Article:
What Is the Reason Behind the Bolivia Crisis?

What caused the crisis in Bolivia, or rather ignited a social explosion, was the opposition’s displeasure with the election returns after the presidential ballot on October 20, 2019 . At first, the gap between the two candidates implied that they were heading for a run-off election, but all of a sudden the vote count was discontinued and it was announced that the then incumbent president, Evo Morales, had won by a landslide, something that automatically cancelled the second round of voting. The opposition, led by the loser in the election, Carlos Mesa, and based on the findings of OAS monitors, declared that the election had been rigged and that they refuse to accept the outcome. 

It must be mentioned that the latent, if growing, discontent in the broad strata of Bolivian society was due to the fact that Evo Morales, who had ruled the country for 14 years at a stretch, gained nomination for another term in violation of the Constitution and despite the negative outcome of an earlier referendum on his reelection. 

Nevertheless, the Bolivian opposition hoped that the voting would be in their favor and did not interfere with preparations for the elections, which were held in a calm atmosphere.   

But the announced result, the abrupt suspension of the vote count, allegedly caused by a blackout, and numerous violations induced the opposition to organize anti-government protests under the banner of the struggle against the monopolization of power by Morales and his Movement for Socialism party, something that had long outraged both the right and the left in Bolivia. 

Interestingly, the protests have taken place in a country that has witnessed considerable positive shifts in the economy and the social sphere over the last 14 years. The GDP growth averaged 5% per annum (surging from 9.5% in 2005 to 41.4% in 2018). Considerable support was provided to producers in the countryside; school students, pregnant women, women with children under two years of age, and persons without an official pension aged over 60 years received social allowances. During the 14-year Morales rule, the poverty level dropped from 38% to 15% and that of indigence, from 60% to 34%. These indices explain the fact that the main motive force behind the protests was the urban middle strata, who had failed to benefit in any perceptible way from these positive shifts in a country that remains the poorest Latin American nation after Haiti.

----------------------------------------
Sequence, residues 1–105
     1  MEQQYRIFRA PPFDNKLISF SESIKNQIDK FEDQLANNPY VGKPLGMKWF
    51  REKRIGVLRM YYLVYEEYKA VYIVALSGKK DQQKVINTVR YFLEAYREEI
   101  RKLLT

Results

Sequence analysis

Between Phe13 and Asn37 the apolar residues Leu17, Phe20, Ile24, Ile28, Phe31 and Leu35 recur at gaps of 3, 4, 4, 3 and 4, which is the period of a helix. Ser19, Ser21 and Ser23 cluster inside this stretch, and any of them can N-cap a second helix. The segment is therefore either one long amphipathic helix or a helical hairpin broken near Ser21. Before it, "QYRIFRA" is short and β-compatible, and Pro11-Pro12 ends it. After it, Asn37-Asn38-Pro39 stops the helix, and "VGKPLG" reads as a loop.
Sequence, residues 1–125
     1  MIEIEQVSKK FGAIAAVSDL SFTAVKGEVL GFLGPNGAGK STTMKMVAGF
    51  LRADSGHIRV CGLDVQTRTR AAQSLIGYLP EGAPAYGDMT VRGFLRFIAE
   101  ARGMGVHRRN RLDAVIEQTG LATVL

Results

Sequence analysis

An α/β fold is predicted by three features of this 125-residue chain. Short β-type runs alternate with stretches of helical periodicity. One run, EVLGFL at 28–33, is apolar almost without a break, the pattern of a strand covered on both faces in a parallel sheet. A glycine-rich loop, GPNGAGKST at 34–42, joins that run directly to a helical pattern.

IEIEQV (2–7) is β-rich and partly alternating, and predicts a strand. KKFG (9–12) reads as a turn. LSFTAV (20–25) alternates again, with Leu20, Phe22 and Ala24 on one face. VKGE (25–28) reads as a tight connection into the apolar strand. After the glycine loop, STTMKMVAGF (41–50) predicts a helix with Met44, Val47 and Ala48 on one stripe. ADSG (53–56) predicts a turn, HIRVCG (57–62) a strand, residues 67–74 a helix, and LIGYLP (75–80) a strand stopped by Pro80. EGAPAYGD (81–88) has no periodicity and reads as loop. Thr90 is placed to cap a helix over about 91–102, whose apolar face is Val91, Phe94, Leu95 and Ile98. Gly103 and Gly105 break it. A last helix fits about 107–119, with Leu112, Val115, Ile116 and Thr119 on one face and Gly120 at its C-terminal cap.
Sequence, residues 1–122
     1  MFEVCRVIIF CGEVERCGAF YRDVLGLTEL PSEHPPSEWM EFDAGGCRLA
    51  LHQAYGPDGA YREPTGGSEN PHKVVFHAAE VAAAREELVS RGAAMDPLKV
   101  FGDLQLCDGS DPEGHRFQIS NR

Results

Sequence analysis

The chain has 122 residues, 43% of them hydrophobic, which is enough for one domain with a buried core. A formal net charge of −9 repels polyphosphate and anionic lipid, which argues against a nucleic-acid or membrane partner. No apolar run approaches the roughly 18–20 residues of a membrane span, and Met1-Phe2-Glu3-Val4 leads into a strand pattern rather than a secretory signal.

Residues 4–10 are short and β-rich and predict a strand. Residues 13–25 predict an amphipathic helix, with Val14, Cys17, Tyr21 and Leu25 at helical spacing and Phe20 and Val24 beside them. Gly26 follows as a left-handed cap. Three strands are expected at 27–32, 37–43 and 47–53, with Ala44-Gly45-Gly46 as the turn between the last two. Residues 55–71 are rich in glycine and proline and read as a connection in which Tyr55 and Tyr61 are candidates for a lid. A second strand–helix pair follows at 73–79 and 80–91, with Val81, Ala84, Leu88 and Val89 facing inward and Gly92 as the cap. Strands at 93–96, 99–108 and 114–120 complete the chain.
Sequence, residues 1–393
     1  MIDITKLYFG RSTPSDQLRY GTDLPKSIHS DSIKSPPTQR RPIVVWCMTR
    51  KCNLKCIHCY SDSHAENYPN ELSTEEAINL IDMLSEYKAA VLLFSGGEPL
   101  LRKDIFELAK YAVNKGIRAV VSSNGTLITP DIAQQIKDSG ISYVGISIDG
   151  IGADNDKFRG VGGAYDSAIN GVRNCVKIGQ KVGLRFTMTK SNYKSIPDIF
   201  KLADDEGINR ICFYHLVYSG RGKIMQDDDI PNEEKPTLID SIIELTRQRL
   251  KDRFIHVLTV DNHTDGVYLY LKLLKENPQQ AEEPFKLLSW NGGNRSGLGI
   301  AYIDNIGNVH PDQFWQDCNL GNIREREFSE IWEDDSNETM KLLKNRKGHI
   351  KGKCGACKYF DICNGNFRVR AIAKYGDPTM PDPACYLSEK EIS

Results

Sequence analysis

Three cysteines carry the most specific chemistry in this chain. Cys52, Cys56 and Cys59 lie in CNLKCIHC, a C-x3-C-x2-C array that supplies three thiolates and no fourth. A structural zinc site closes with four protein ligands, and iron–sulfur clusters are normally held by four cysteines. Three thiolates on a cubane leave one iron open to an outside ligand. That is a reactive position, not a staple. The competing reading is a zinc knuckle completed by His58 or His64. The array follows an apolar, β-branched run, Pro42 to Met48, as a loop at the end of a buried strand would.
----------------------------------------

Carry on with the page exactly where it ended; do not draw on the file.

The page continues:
Moreover, discontent was brewing in the business community that had particularly strong links with foreign money bags and was dismayed by Morales and the Movement for Socialism abandoning the neoliberal course. 

Those are the objective reasons for the protests, which were specially organized by the opposition rather than spontaneous. According to some reports, Carlos Mesa paid 500 bolivars to each participant in the protests. Where he got the money is still anyone’s guess but he is certain to be on the US bandwagon. In any case, the events in Bolivia were a New Year present for the US administration that dreamt of deposing the unwanted president, who kept alive the few remaining sparks of the “left turn” in Latin America. 

The first Indian president in history, Evo Morales pursued a policy that favored the poorest, primarily Indian, strata, who responded by giving him their unqualified support. But he failed to win over the business community, or establish dialogue with the opposition parties, or, what is particularly important, enlist support from the military that traditionally played a key role in the internal policy of a country notorious for the greatest number of military coups in Latin America.